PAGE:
Norway best, Zimbabwe worst places to live: U.N.
Updated: 2010-11-05 09:09
|The city of Oslo is pictured in the distance on a winters day in this February 9, 2009 file photo. [Photo/Agencies]|
Oil-rich Norway remains the best country in the world to live in, while Zimbabwe, afflicted by economic crisis and AIDS, is the least desirable, according to an annual U.N. rating released on Thursday.
The assessment came in a so-called human development index, a measure of well-being published by the U.N. Development Program for the past 20 years that combines individual economic prosperity with education levels and life expectancy.
The UNDP placed Norway, Australia and New Zealand at the top and Niger -- last year's back-marker -- the Democratic Republic of the Congo and Zimbabwe at the bottom, as Western countries again led the list while sub-Saharan African nations trailed.
Japan headed the field in life expectancy, at 83.6 years, with Afghanistan last at little more than half of that -- 44.6 years. The tiny Alpine state of Liechtenstein had by far the highest per capita annual income -- $81,011, 460 times higher than last-placed Zimbabwe on $176.
Overall, the index contained some significant changes near the top compared with last year, with the United States rising to fourth from 13th and Iceland -- hard hit by the global financial crisis -- plummeting to 17th from third.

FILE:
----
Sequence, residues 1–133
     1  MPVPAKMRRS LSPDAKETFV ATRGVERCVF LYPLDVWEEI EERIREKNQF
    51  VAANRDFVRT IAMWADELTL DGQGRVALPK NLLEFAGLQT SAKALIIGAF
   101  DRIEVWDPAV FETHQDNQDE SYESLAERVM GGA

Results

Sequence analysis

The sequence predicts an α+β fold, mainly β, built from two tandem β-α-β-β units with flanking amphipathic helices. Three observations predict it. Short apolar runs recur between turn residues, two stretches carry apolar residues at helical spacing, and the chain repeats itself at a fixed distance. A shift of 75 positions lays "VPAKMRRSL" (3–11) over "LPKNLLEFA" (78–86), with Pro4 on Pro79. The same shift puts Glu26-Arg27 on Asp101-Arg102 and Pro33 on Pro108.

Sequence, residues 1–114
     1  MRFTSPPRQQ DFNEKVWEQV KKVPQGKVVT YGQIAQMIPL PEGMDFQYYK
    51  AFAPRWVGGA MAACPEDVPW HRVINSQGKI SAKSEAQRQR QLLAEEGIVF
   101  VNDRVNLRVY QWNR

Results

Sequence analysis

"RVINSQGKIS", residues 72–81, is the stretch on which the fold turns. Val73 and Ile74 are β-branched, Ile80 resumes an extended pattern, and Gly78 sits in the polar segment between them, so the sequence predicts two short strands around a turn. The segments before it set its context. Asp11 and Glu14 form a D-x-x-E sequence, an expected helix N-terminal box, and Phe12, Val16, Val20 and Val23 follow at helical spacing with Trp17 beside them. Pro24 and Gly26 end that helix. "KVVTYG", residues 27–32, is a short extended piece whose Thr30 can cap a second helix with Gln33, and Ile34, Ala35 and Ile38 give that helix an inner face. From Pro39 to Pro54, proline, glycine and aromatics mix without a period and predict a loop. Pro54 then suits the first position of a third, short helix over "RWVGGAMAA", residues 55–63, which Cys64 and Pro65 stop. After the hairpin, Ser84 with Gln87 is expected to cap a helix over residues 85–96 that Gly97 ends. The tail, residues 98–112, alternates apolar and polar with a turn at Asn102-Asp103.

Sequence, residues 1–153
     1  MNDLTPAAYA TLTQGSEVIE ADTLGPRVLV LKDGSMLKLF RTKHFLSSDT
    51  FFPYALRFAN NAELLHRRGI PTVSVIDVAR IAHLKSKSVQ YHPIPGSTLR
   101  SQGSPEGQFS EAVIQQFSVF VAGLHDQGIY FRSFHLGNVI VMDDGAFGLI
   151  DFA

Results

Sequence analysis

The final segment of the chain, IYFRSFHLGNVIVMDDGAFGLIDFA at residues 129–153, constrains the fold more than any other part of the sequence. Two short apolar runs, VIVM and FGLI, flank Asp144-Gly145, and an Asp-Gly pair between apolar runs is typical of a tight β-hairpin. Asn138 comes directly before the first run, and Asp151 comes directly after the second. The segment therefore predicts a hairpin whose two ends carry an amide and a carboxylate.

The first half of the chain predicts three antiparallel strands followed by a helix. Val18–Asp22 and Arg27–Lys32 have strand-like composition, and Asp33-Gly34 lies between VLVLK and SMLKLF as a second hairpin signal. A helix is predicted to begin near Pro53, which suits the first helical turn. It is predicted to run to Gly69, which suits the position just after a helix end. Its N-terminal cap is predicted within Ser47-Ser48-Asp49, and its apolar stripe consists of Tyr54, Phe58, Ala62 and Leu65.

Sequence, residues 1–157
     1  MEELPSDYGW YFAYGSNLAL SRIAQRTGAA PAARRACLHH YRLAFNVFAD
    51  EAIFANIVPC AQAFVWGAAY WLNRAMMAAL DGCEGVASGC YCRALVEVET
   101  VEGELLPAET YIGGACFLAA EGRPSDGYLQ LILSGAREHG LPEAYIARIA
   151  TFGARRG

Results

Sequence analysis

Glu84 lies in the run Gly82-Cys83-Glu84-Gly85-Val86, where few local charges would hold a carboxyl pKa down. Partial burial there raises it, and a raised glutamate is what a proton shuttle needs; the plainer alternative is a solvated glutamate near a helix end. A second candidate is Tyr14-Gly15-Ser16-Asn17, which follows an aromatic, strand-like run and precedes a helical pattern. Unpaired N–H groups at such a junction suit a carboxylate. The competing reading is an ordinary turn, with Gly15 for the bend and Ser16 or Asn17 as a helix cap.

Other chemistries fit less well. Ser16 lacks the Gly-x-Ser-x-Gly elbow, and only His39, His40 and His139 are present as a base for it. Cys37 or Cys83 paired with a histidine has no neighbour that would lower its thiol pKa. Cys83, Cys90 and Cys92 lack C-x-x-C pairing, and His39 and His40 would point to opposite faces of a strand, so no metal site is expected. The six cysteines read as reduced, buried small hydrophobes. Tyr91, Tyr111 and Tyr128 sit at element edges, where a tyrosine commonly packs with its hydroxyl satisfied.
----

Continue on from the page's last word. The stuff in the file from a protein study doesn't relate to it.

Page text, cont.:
But UNDP officials said the figures were not fully comparable due to changes in calculation methods this year.
Per capita gross national income, which includes aid and remittances, has been used instead of gross domestic product, while in education literacy levels have been replaced by average years of schooling.
Due to difficulties in obtaining the required figures from some countries, only 169 of the 192 U.N. member states were graded. Absentees included North Korea.
Instead of year-on-year shifts, this year's report focused on what it said were upward long-term trends, assessing developments in 135 countries since 1970.
"The overall message is actually quite positive," Jeni Klugman, lead author of the report, told journalists. "What we find is that the world is much better off than it was," including a doubling of incomes in real terms over 40 years.
The report says only three countries have a lower human development index than in 1970 -- Congo, torn by conflict since the 1990s, Zambia, hit by falls in the price of copper, its main export, and Zimbabwe, where inflation reached 500 billion percent two years ago.
According to UNDP, the country to have made the most progress in the past four decades is the Gulf state of Oman, because of major health and education improvements, with China in second place due to its prodigious economic growth.
"This report shows that the gap in health and education outcomes between developed and developing countries has narrowed significantly over the past 40 years, even though the income divide, with a few notable exceptions, worsened," UNDP chief Helen Clark told a meeting to launch the index.
This year's report also drew up new indicators measuring the impact of inequality in the distribution of health, education and income, as well as of gender inequality.
On distribution it found that the country with the least inequality was the Czech Republic, while Mozambique had the most. The Netherlands had the least gender inequality, while Yemen had the most, the survey said.
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